Kellogg’s settles Rice Krispies immunity claims dispute

By Shane Starling

- Last updated on GMT

Related tags: Influenza

The Kellogg Company has settled a dispute with the Oregon Department of Justice and Attorney General John Kroger over immunity claims it was making for its breakfast cereal, Rice Krispies.

In November, Kellogg said it would quit making the claims after they drew heavy criticism from parent groups concerned about the 40 percent sugar levels in the cereals, but said it would let existing stocks run out.

Under the terms of the settlement in Oregon, Kellogg’s will cease nationwide shipments bearing the “helps support your child’s immunity”​ claims by January 15 unless it provides advance notice to the Oregon Department of Justice, along with supportive science.

Kellogg spokesperson, Kris Charles, told the company had no plans to make further immunity claims on its cereals.

Kellogg agreed to destroy two million units of packaging containing the claim and donate 108,000 boxes of cereal to the Oregon Food Bank and 372,000 boxes to Feeding America.

“Kellogg should be credited with addressing the allegations quickly and constructively,”​ said Attorney General Kroger of the $1m+ donation. “This settlement will directly benefit Oregonians who are hungry.”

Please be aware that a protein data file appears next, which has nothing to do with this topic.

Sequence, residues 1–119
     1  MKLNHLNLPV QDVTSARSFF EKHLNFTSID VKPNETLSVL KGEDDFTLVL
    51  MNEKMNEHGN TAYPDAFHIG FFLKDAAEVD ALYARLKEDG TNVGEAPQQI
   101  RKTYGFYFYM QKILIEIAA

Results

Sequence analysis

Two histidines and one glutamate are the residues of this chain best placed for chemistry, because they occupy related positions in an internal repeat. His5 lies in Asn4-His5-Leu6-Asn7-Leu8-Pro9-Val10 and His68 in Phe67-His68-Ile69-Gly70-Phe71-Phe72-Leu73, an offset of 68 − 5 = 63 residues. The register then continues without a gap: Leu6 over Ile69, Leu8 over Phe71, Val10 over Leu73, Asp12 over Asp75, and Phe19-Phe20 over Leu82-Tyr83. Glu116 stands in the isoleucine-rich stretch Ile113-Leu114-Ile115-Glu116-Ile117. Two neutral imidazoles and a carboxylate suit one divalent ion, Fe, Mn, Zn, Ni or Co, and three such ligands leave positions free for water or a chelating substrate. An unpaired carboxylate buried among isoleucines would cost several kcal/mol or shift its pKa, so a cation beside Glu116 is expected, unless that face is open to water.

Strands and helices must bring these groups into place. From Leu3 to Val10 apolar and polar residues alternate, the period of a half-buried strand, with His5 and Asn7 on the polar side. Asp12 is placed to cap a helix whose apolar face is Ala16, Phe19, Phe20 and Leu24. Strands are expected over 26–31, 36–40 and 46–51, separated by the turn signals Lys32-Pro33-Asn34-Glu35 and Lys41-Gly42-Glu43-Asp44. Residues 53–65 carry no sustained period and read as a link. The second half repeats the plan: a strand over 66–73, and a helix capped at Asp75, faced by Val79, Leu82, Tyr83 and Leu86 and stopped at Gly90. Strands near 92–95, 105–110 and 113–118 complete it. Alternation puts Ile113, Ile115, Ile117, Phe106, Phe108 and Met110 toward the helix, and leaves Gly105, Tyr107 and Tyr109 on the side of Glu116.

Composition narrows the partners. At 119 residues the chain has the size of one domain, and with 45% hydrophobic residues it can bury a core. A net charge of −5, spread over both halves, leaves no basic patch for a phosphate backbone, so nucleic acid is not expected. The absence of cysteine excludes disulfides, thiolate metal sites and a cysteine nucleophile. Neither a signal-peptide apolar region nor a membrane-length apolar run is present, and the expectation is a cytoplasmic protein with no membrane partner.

The claims stated immunity could be boosted 11 percent and were being made on a range of Rice Krispies versions including Coca Krispies, Frosted Krispies and MultiGrain Jumbo Krispies.


Kellogg began adding vitamins A, B, C and E at 25 per cent of daily recommended values to Rice Krispies over a year ago and added the immunity claim in May. Almost instantly, it drew criticism due to the sugar content.

Kellogg was also accused of playing on swine flu concerns – charges it denied as it said the H1N1 pandemic erupted after it began making its claims. Kellogg’s cited the bad publicity that blew up around the swine flu issue as one of the reasons it ceased making the claims, and has not back-tracked on the veracity of the claims despite their removal.

In May Kellogg said: "These nutrients have been identified by the Institute of Medicine and other studies as playing an important role in the body's immune system. Therefore, we believe the claim ... is supported by reliable and competent scientific evidence."

Kellogg said vitamin A, B, C and E levels would remain unchanged, with or without the claim.

The move follows a Kellogg’s decision not to promote the ‘Smart Choices’ scheme after the Food and Drug Administration raised concerns about the potential for such labels to mislead consumers.

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